Saturday, November 30, 2019

Savannah Thanksgiving

Morning in the Connor House.

Steamboat and freighter. Pretense and reality are the theme of this Thanksgiving here. If you want authenticity, you have to look beneath the surface facade of tour buses and buggies. Delve below the stories handed out by guides. Same with our pretense of a President, a man incapable of leadership or compassion. Isn't our own giving thanks for our "blessings" itself lacking in compassion for a world dying in poverty, war, pollution, and climate catastrophe? Our pretense of happiness is steeped in unthinking selfishness.

Dinner at the Flying Monk.

Returning to the Flying Monk for dinner with John and Darryl, there is a tad more to the pretense-reality dichotomy as turkeys turn into Santas, namely the notion of God. We all know the Good v. Evil aspects of religion. Marx and Freud hit the nail on the head with Thor's hammer. Buddha gave up all his possessions for the non-material way to enlightenment. Jesus, as I've written before, held socialist values. What grim reality that people were burned to death in his name. Religion is the greatest fraud of them all: control people by making them superstitious and crying for a make believe afterlife. Capitalism is the success story of rich masters who have made slaves of the rest of us while destroying nature and life in the process. My thoughts as I slurp those tasty Singapore noodles...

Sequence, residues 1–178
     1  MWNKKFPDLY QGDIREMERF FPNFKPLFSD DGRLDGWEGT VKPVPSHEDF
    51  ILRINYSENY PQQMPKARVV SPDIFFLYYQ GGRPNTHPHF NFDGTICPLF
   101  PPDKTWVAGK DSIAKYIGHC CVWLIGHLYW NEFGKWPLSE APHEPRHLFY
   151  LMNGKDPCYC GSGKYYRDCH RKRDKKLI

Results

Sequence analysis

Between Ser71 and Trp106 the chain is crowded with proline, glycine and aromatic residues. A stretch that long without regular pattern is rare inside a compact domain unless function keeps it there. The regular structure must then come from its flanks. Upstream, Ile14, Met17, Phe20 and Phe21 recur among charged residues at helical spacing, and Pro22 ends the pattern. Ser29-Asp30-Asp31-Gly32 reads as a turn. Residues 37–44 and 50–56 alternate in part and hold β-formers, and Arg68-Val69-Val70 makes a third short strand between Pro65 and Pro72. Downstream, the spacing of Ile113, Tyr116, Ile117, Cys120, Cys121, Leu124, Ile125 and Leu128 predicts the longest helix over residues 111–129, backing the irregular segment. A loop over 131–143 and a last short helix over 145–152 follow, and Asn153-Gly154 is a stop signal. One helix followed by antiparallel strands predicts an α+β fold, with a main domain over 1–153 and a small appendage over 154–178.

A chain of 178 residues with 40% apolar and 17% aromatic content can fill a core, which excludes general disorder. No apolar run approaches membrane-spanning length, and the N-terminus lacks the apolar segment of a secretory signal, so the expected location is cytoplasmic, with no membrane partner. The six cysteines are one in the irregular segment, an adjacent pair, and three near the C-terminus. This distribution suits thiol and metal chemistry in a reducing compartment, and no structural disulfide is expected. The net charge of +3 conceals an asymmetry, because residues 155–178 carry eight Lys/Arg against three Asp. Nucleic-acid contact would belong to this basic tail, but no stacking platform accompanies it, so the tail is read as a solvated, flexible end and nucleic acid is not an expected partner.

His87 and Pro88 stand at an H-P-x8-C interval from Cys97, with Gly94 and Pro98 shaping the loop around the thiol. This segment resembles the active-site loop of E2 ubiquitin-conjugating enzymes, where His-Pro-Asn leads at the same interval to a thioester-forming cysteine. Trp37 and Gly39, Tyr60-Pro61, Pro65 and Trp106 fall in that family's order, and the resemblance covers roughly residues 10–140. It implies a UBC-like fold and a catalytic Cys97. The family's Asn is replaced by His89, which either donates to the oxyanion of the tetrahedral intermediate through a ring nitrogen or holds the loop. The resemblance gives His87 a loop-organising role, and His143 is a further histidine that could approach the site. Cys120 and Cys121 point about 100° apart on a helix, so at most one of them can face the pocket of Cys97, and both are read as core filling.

And Thanksgiving Dinner Wednesday at Mrs. Wilkes:
Great editorial about T'giving in NY Times, posted. I think of yesterday as our feast day. 8 of us at the table, 2 couples of color and 2 white couples. The woman next to me resembled Kamala Harris. Across from me a man in his fifties from Savannah with a polo shirt with a Ga Bulldogs logo. We all chatted. There was another teacher at the table. We talked of travel and Tgiving plans. We passed bowls of vegetables around the table. I thought it quaint how the polo guy, white, Ga man, kept saying " sir" to me. His wife was the elementary school teacher. The woman beside me worked for the air force. At the head of the table sat an elegant, middle-aged black woman, quite glamorous, lovely silver hair pulled back. When the owner, and my former schoolmate, Marcia T., walked over, I introduced my husband Darryl to her and wished I could read minds to know what everyone thought of that. All in all, I felt as if I were with family, or a great symbol of family. Did I mention how delicious the food was, almost an aphrodisiac. And those butter beans.